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Cycle 5 (2016 Deadline)

mHealth for TB-Tobacco: An approach to reduce tobacco use among TB patients

PI: Elizeus Rutebemberwa (, Makerere University School of Public Health, Centre for Tobacco Control in Africa
U.S. Partner: Robert Pack, East Tennessee State University
Project Dates: February 2017 - January 2021

5-450 Rutebemberwa data collection
Project Overview:

Tuberculosis (TB) and tobacco use are two formidable public health concerns and independently pose considerable threats to global health. In 2013, there were about 9 million new TB cases and 1.5 million TB-related deaths globally. In 2011, nearly 6 million people died from tobacco use globally. Tobacco use is responsible for 16% and 7% of annual deaths among men and women, respectively (WHO 2015). Beyond health implications, TB and tobacco use impose severe economic and social costs on families and communities, particularly for low- and middle-income countries (LMICs). Globally, more than 20% of TB cases are attributable to smoking, hence the critical need to reduce TB prevalence through smoking cessation. There is sparse information on how to incorporate tobacco control into TB programs in LMIC, particularly using mHealth solutions, even though the WHO Global TB program calls for an integrated approach toward TB-tobacco prevention and treatment. Given that non-communicable diseases (NCDs) now dominate healthcare in developed countries and most LMICs and that most LMICs are now facing a double burden of disease, there is an opportunity to broaden the mHealth agenda in developing countries to also look at NCDs. Previous studies into the use of mHealth technology for smoking cessation indicate significant potential in successful behavior change.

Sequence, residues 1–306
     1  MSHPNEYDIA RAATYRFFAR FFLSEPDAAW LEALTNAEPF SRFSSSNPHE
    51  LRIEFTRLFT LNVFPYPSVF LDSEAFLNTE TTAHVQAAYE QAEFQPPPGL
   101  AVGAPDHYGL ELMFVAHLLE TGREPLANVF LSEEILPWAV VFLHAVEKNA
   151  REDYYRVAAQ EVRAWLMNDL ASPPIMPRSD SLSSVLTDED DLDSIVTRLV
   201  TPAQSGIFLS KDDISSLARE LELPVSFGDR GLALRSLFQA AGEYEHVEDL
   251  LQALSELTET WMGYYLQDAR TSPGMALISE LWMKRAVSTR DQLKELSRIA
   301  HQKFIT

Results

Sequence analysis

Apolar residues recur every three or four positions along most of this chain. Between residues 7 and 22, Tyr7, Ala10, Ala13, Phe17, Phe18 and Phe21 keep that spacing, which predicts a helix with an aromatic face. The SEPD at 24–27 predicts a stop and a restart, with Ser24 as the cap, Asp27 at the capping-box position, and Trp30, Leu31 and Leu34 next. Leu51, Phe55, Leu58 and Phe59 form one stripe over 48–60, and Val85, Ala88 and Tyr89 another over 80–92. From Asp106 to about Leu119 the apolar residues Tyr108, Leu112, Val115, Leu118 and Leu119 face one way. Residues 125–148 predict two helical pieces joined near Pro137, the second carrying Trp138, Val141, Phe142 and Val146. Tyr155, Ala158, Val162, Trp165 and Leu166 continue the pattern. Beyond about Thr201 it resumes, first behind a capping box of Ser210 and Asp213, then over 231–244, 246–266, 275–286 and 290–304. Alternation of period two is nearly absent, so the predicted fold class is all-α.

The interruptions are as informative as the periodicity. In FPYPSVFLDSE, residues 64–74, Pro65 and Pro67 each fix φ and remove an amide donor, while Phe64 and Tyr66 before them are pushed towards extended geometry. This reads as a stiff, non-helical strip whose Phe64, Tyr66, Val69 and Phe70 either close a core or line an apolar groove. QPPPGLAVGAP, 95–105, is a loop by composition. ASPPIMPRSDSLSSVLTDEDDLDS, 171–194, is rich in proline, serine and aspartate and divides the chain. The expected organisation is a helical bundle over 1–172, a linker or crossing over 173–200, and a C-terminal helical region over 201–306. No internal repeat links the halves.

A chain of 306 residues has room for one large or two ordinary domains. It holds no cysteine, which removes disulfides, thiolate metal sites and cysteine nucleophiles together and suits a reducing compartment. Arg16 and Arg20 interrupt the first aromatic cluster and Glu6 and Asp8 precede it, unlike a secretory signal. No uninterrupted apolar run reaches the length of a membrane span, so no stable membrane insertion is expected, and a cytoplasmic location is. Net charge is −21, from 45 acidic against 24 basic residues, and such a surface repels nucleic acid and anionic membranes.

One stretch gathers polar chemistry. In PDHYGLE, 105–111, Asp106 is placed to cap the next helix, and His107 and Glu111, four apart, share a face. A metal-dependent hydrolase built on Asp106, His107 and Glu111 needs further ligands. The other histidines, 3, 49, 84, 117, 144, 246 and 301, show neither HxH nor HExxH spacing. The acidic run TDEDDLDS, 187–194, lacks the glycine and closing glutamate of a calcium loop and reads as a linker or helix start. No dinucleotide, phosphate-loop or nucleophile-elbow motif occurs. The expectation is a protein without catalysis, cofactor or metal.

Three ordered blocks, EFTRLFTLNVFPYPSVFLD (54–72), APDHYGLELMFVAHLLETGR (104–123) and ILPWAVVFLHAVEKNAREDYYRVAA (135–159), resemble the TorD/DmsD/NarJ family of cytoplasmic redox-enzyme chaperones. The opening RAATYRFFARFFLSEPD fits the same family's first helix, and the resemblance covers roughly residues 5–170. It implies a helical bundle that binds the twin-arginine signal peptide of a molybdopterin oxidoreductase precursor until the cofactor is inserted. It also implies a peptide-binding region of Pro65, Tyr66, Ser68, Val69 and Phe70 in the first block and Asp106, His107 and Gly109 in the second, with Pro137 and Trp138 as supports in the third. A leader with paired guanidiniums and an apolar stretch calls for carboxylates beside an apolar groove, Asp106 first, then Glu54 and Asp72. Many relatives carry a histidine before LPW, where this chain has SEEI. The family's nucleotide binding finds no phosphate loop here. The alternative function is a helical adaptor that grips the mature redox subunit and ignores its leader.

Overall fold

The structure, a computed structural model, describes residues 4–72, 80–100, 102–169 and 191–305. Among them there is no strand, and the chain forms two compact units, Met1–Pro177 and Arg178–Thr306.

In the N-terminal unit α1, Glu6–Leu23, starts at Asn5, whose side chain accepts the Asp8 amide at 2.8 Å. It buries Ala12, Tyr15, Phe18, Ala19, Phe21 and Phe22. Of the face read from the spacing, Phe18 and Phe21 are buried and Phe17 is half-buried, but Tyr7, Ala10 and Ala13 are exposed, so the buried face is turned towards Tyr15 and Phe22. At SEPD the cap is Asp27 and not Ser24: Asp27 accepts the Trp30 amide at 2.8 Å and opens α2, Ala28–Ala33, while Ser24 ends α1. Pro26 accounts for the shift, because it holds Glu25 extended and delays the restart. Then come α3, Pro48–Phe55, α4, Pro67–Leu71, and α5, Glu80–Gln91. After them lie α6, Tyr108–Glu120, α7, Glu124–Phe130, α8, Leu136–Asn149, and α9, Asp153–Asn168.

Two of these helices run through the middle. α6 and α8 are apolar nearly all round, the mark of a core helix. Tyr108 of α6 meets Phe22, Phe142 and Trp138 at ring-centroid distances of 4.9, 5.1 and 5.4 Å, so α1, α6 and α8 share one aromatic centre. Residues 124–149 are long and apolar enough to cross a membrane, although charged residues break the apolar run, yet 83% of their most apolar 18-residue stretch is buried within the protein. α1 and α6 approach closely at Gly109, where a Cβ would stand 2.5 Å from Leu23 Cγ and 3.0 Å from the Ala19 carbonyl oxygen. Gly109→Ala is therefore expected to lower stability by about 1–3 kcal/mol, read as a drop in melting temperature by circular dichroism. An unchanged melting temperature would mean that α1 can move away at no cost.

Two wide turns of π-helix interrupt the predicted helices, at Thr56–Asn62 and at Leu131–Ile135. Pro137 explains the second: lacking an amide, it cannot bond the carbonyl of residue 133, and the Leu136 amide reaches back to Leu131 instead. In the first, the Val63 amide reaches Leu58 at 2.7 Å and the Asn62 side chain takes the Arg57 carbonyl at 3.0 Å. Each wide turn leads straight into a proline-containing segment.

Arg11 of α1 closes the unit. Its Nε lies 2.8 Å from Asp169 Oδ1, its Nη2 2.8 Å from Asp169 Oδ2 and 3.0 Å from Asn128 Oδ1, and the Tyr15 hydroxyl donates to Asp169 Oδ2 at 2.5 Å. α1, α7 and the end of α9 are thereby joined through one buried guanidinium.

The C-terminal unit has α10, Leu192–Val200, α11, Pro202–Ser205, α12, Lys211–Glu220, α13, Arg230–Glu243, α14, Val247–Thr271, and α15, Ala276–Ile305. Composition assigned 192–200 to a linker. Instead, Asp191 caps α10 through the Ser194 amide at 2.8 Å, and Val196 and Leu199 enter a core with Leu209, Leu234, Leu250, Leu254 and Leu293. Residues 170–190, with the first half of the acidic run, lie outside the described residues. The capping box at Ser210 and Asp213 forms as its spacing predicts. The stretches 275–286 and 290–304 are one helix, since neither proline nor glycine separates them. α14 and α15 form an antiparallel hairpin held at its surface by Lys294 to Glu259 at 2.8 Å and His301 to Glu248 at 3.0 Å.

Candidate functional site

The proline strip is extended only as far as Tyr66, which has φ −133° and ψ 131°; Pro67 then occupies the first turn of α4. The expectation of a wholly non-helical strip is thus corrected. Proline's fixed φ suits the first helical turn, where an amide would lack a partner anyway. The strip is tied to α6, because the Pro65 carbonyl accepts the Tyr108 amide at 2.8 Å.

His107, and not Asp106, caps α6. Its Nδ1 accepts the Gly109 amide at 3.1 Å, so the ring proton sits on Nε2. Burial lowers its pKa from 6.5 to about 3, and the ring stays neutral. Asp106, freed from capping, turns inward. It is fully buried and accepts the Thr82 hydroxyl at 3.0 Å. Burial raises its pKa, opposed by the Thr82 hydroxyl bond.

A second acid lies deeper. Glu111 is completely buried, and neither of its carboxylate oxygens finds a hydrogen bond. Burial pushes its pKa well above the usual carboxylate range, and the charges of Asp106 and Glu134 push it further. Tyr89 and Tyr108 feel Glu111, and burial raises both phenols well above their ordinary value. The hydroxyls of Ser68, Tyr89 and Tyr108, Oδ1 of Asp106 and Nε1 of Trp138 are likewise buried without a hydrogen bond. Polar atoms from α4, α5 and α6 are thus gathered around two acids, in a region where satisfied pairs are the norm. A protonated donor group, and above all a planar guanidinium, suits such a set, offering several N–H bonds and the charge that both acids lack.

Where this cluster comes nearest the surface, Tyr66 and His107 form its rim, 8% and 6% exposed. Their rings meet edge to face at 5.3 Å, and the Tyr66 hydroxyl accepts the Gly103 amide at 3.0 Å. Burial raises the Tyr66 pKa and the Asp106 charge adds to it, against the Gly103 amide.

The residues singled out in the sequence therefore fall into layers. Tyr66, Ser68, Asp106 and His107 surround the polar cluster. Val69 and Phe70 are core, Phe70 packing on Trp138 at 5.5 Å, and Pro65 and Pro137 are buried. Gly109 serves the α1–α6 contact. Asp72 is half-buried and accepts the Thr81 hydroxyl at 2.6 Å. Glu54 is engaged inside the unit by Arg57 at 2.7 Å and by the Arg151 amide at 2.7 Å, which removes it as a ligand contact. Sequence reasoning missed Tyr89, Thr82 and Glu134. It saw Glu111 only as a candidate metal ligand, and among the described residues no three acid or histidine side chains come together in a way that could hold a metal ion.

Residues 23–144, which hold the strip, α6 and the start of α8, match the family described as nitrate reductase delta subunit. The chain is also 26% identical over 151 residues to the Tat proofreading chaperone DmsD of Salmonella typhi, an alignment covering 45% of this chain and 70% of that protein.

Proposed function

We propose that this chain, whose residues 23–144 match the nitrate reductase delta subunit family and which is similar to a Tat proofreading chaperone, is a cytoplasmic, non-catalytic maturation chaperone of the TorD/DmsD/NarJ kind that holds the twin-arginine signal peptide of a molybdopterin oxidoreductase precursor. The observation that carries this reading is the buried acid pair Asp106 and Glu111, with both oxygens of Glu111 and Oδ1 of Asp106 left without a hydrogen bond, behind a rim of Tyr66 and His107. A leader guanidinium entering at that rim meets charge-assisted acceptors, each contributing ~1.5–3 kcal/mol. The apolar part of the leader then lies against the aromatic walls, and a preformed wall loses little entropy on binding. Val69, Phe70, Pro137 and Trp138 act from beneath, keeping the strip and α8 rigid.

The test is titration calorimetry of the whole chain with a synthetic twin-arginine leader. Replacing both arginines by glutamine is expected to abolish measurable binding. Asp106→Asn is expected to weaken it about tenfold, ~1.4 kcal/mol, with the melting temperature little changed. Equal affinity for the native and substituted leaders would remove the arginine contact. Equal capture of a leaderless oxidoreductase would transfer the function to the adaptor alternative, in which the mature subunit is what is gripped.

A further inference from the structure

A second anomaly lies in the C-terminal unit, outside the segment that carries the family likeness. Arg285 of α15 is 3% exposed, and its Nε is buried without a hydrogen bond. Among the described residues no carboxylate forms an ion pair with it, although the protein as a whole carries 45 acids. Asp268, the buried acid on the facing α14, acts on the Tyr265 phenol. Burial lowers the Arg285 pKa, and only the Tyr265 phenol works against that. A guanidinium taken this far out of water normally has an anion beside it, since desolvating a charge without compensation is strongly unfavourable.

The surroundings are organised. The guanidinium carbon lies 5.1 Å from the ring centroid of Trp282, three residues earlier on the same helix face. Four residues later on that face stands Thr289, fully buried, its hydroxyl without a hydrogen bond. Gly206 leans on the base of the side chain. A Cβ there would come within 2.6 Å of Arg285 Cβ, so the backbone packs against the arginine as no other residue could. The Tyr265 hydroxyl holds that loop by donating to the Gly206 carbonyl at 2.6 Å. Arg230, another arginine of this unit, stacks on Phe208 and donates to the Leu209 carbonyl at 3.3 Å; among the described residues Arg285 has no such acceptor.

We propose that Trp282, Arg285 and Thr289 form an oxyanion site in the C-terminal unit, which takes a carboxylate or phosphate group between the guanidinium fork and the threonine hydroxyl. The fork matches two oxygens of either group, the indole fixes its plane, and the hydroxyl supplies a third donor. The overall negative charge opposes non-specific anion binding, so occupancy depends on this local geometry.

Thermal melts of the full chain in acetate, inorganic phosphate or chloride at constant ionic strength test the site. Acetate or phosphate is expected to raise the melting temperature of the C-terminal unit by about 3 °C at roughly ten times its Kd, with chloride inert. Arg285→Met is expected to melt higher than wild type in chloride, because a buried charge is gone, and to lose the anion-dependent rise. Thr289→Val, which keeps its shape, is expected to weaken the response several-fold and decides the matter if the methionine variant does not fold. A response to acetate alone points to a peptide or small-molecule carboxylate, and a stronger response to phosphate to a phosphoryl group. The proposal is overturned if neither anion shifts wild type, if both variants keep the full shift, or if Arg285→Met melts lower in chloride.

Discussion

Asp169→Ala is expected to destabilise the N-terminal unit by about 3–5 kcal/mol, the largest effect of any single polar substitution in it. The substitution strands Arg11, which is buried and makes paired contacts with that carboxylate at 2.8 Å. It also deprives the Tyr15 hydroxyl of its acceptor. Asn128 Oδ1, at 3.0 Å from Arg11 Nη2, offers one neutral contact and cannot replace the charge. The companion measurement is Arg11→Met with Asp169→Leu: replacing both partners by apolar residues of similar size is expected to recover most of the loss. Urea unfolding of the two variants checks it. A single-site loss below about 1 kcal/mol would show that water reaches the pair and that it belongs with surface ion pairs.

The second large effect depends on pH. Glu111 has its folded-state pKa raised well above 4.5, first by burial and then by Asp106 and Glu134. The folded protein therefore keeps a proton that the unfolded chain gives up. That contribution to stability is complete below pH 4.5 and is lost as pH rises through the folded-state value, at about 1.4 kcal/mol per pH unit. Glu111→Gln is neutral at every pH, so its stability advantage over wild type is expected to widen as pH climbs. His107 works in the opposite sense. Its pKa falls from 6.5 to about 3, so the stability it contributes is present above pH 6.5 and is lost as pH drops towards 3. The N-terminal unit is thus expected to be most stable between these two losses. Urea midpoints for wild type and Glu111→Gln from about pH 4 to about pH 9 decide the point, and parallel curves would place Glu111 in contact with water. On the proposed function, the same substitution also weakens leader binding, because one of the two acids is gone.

This project will provide policy and program recommendations to the TB program and the tobacco control programs in Uganda. The impact indicator is the improved health status of TB patients, which will be measured using the tobacco quit rates and TB treatment protocol adherence. Integrating tobacco cessation health education in treatment programs for TB patients improves the knowledge of TB patients, hence increasing their health-seeking behavior, an issue relevant to Uganda’s development objectives. It also improves organization and management of TB programs by giving TB patients access to tobacco cessation education and support when seeking TB treatment. This integration will include training of health workers and should result in improving the quality of health services. At the community level, the impact will be in giving patients access to the services even when they are not at the facility using the mHealth aspect. The project will recommend the use of the mCessation approach using SMS as a solution to providing information, following up with patients, and supporting them to quit tobacco use. The community impact indicators will be the proportion of messages responded to and the percentage of TB patients who changed behavior.

Summary of Recent Activities: 

The PI postponed many of the activities during the April to June 2020. The team encountered challenges in recruiting participants due to the declared pandemic lockdown. As a result, there was practically no means of transport for April and although there has been easing of transport, the motorcycle transport (popularly known as boda boda) was not allowed to operate. Facilities lacked supplies in terms of drugs and even the study was unable to procure supplies such as the testing kits. Health workers were called on for the management of COVID-19 patients and were not available for the identification and enrollment of study patients. Some TB isolation centers were taken over for COVID-19 case management because they are well isolated from the main buildings of the hospitals. To cope with the lack of access for TB patients, the period of review was increased from one-month to two-months and this reduced the number of times the patients could be reviewed. Some health workers started taking drugs to patients in their villages. This disturbed the system of recruitment and follow-up; hence, very few participants were recruited in this period. The team performed a quarterly supervision visit in June, which provided an opportunity to assess the effect of COVID-19 on the project sites. They managed to replenish the tools and testing kits, and clarified questions from health workers regarding the research project. 

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